1. This is a plaintiff's appeal against a judgment and decree of Mr. Gurcharan Singh, Senior Subordinate Judge, Ludhiana, dated the 1st October 1948, dismissing the plaintiff's suit lot partition by putting the plaintiff into separate possession.
2. A reference to the pedigree-table which is as follows will help in understanding the case :
| | |
Ramsaran Das Tikam Das Sarju Das
(died issueless) |
Mathra Das Ramji Das
alias Manohar Das alias Ram Ratan Das,
Hem Raj (plaintiff).
3. Sarju Das, it is alleged in the plaint, had separated and other persons shown in the pedigree-table remained joint as members of the joint Hindu family. On the 1st October 1908 Ramsaran Das made a Will Ex. D. 1 which is printed at p. 102 by which he made his two nephews, sons of Tikam Das, as 'chelas' and bequeathed to them the whole of his estate in equal shares and gave certain other directions. In 1925 Ranji Das alias Ram Ratan Das died leaving a son Hem Raj, plaintiff. In 1929 Ramsaran Das died, Hem Raj at that time being a minor was brought up by his uncle Mathra Das 'alias' Manohar Das.
4. A mutation of the agricultural land was entered in the name of Mathra Das alias Manohar Das 'chela' of Ramsaran Das Fakir Bairagi. Opposition to the mutation in the name of Mathra Das came from certain citizens who claimed that the property was 'wakf' and should be entered in the name of the Thakardwara, taut in spite of this opposition the mutation was effected in the name of Mathra Das alone. It appears that he did make statements at that time saying that mutation be entered in the name of his nephew Hem Raj and himself in equal shares but the mutation was entered only in the name of Mathra Das, the defendant.
5. On the 10th November 1945 Hem Raj brought a suit for partition of the property alleging that there was a joint Hindu family and he also relied on the Will and also claimed that on the death of Ramsaran Das the defendant Mathra Das and hewere the heirs according to Hindu law and that rent deeds of the property in dispute were executed in the names of both these persons from the year 1910 to the year 1929. The property was claimed by the plaintiff on these rather contradictory allegations. The defendant admitted that the properties marked 'A', 'B' and 'D' were the joint properties of the parties as they belonged to Tikam Das but the defendant claimed properties (C) and (E) to (K) to be his exclusive property and he also claimed to succeed to Rainsaran Das by virtue of being the 'chela' of the deceased. He denied the joint Hindu family. As to the Will he pleaded that as Ramji Das had died during the lifetime of the testator, he alone was therefore entitled under the Will and not the plaintiff.
6. The learned Senior Subordinate Judge framed the following four issues :
1. Whether the property in dispute is joint Hindu family property, if any, of the plaintiff with the defendant?
2. If issue No. 1 is not proved, whether the plaintiff is entitled to 1/2 share in the suit property under the Will marked Ex. D. 1?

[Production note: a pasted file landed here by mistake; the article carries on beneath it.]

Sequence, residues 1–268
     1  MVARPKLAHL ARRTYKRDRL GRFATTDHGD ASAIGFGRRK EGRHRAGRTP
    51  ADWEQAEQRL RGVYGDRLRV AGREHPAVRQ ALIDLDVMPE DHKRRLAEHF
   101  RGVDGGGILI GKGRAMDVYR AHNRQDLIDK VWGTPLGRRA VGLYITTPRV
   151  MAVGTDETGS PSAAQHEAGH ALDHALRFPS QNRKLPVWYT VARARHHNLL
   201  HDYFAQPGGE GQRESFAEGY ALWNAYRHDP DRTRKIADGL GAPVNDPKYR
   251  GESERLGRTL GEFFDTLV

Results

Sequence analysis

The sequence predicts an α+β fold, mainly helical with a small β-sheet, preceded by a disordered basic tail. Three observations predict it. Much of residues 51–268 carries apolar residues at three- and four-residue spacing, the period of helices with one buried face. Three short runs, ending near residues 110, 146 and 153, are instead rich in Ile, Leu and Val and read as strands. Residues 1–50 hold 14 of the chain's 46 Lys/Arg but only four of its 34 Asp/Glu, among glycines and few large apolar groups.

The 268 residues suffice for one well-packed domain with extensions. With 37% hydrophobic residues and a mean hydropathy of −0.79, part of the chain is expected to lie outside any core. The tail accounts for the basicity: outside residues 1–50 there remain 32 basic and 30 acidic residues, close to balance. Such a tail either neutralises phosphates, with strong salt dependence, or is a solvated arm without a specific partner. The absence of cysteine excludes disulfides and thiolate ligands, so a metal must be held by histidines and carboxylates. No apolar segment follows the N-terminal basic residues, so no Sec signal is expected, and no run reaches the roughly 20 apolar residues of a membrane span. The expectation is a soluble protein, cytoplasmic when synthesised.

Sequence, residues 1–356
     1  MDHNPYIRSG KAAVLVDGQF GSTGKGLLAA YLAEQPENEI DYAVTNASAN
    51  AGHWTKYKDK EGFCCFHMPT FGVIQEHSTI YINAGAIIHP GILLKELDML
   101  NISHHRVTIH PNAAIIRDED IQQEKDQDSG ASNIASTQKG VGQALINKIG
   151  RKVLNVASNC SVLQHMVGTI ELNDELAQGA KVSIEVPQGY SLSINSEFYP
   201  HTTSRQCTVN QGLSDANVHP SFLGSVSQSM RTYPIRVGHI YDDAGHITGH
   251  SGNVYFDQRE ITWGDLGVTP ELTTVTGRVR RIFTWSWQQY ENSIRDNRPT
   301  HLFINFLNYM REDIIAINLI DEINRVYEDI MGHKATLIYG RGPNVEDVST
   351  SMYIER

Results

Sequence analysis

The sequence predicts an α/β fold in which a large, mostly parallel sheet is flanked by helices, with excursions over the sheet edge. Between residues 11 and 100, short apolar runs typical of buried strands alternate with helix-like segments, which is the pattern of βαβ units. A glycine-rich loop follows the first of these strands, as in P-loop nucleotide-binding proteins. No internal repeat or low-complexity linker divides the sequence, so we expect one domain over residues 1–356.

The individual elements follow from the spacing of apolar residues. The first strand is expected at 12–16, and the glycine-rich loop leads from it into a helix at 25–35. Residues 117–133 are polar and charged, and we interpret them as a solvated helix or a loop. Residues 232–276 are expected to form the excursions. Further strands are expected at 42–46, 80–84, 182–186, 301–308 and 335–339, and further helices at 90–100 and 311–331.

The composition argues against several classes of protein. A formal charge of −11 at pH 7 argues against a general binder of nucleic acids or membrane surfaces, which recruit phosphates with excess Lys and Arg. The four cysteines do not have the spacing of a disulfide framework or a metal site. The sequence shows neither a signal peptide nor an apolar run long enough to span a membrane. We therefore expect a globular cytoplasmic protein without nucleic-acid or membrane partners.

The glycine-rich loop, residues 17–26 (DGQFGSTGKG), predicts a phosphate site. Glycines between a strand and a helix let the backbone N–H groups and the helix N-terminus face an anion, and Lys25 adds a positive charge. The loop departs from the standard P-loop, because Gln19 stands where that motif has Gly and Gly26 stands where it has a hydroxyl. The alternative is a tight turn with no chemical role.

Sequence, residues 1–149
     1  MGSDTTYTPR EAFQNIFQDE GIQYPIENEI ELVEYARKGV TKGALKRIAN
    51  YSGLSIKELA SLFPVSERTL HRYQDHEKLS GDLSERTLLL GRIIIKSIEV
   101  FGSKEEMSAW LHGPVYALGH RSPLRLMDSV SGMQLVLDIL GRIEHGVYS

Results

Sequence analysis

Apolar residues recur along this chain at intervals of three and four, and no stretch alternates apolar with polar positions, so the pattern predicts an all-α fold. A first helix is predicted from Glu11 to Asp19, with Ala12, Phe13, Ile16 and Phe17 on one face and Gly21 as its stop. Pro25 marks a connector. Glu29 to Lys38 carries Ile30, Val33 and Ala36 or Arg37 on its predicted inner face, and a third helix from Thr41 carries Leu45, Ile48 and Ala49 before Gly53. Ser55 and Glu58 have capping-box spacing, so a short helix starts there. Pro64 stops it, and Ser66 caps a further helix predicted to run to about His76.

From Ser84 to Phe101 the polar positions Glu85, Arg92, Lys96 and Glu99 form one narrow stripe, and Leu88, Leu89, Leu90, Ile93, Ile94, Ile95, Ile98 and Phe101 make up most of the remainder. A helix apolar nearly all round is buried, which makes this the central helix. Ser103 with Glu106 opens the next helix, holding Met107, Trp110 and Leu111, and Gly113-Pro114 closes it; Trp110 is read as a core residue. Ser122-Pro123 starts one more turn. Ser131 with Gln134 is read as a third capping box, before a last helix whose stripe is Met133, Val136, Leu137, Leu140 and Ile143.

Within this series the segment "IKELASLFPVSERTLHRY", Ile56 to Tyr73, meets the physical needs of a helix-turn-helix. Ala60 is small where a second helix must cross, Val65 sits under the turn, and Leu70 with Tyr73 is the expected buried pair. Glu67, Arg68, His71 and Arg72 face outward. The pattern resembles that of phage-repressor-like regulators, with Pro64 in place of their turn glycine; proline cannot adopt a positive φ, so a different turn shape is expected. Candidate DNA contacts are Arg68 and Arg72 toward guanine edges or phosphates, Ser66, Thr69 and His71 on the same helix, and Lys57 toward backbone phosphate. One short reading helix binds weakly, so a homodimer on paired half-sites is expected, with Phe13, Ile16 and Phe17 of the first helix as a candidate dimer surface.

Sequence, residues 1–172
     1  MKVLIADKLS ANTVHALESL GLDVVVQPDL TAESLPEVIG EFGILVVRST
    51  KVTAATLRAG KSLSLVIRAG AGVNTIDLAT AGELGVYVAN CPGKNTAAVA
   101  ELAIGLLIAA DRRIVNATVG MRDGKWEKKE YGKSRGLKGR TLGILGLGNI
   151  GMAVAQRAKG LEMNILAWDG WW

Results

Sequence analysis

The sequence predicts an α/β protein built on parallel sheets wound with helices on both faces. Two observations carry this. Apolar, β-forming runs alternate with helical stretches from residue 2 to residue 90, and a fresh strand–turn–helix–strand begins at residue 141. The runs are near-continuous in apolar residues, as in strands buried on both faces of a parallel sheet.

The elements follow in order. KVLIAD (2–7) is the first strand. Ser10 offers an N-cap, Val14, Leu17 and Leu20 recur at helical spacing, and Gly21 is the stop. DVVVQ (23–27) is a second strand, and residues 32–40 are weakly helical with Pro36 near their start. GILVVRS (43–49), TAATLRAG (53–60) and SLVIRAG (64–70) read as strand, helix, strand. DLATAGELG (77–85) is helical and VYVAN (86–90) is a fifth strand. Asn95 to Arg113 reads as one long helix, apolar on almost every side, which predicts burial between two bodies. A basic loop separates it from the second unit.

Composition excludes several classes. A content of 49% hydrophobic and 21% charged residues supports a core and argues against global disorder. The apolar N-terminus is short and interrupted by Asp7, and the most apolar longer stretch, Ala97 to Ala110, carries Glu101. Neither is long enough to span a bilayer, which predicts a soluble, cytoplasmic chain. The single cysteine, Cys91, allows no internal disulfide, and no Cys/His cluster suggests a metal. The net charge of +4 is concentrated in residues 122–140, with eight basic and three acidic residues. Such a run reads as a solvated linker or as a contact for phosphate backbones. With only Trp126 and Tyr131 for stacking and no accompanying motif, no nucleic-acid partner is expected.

3. Whether the defendant is the sole heir of Ram-saran Das testator?
4. To what relief and to what extent is the plaintiff entitled?
He held that there was no joint Hindu family, that the plaintiff was not entitled to a half share under the Will, Ex. D. 1, as it was governed by Section 106 of the Succession Act and that the defendant was the sole heir of Rainsaran Das, the testator, and the plaintiff was not therefore entitled to any part of the estate. The plaintiff has come up in appeal to this Court.
7. One of the devisees Ramji Das having died during the lifetime of the testator, the question to be decided is what would happen to that share of the property which was devised to him under Will Ex. D. 1. The testator had stated in the Will -
'On my death both my aforesaid Cheias shall be owners and possessors in equal shares of my property of every description, movable and immovable, situate at.....'
The effect of this Will, as I see it, is that if it had taken effect, that is, if the devisees Were to take under the Will, each one of them would take hall share of the property of the testator, but by the death of Ramji Das, in my opinion, the doctrine of lapse would apply which is that a devise or legacy lapses by the death of the devisee or legatee before the testator, or even before the date of the Will : see 'Elliott T. Davenport, 1 P. W. 63 and 'Maybank Y. Brooks', 1 Bro C C 84. This is the statement of the law as given in Theobald on Wills at p. 662. In other words, if a devisee or legatee dies during the lifetime of the testator, the Will to the extent of the devise left to such devisee lapses and there is intestacy to that extent. In the Indian Succession Act in Section 107 it is stated -
'If a legacy is given to legatees in words which show that the testator intended to give them distinct shares of it, then, if any legatee dies before the testator, so much of the legacy as was intended for him shall fall into the residue of the testator's property.'
It has been held in several cases that if the devise fails as to one of the devisees from its being originally void, or subsequently revoked, or by reason of the decease of the devisee in the testator's lifetime there will be a partial intestacy -- to the extent of the share which would have gone to Ramji Das, if he had been alive. This statement of the law is supported by many cases which are collect-ed together at p. 484 of Basu's Indian Succession Act.
8. The learned Senior Subordinate Judge tookthe view that in the present case Section 106 of the Indian Succession Act would apply and, therefore, the whole of the estate would go to the other devisee, i.e., Mathra Das. In my opinion, the learned Judge was in error on this point. In the first place, as I have shown, the Will is differently worded, and on its true construction both the devisees were to take half and half and on the death of Ramji Das the doctrine of lapse would apply; in other words Section 107 of Indian Succession Act would ba applicable and not Section 106, of that Act.